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Reflecting on what you’re learning
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Reflecting on what you’re learning

Chris introduces the reflection grid to use here and throughout the course.
I want to stress the importance of critical reflection if you want to translate these ideas into practise, and also if you want to be effective in making changes in what you do. To help support you with the process, we have designed a four cell reflection grid. Each of the cells has a particular name and function. You’ve got Successes at the top, then underneath Eureka Moments. Eureka Moments, you may or may not have had in your lesson. These are when either you suddenly understand why particular strategies work or why suddenly a student understands something. Or why perhaps your pupil or your student is having problems.
Alternatively, Eureka Moments may happen to you in your own learning, as you progress through the course. You may want to write them down so that you have them for later. Also, you might have some questions on Differentiating for Learning and they’ve arisen long-term or maybe in the classroom as you’ve been working. These are important to record, as well as are your problems. We’ll refer to this throughout the course and hope you find it a useful tool to help you in your learning journey. So that when you go online and you start to talk with others, you’ve got ideas to share.

Trying to take in new ideas and embed them into your practice is not easy.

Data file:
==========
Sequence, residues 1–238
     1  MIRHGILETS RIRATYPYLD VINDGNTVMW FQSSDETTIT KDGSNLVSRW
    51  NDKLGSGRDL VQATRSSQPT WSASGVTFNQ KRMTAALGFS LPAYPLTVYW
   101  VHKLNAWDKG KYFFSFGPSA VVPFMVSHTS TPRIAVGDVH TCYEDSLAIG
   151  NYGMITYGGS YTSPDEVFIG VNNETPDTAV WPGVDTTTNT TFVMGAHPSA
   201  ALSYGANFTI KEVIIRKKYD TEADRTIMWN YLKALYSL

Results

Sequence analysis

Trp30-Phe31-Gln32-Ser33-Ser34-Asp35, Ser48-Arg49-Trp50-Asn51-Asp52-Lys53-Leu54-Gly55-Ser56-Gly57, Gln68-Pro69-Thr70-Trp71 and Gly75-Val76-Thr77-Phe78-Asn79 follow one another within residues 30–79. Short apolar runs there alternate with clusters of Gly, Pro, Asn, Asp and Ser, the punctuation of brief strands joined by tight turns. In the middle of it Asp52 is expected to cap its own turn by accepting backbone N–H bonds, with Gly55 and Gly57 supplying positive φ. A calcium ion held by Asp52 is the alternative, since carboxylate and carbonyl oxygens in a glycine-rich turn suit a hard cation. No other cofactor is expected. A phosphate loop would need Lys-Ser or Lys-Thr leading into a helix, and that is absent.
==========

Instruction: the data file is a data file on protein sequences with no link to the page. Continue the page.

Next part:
However, as Chris explains in this video, using the reflection grid to help you focus on ‘successes’ or be aware of ‘problems’ or simply to log ‘questions’ will help with this.

For your convenience, here is a blank copy of the reflection grid [DOCX] you can edit. An example is provided in the course study guide.

On some occasions we will prompt you to use it, but feel free to use it whenever you want. The reflection grid should serve both as an aide memoire and a record of how your thinking develops during the course.

Professional development is essential for teachers to progress as teaching practitioners. But there are many challenges in integrating professional development into regular practice.

In particular:

  • We stress the value of collaborating with peers – both at your own place of work and online – to put into practice the ideas and approaches suggested by Dylan, Chris and Andrea.
  • We emphasise the value of experimenting, with a view to adapting methods to your own classroom or lab settings.

If you are doing this course with colleagues from your school or cluster of schools, we would encourage you to ‘follow’ each other. Then you’ll easily be able to see comments from the people you know. Find out more about taking the course with colleagues.

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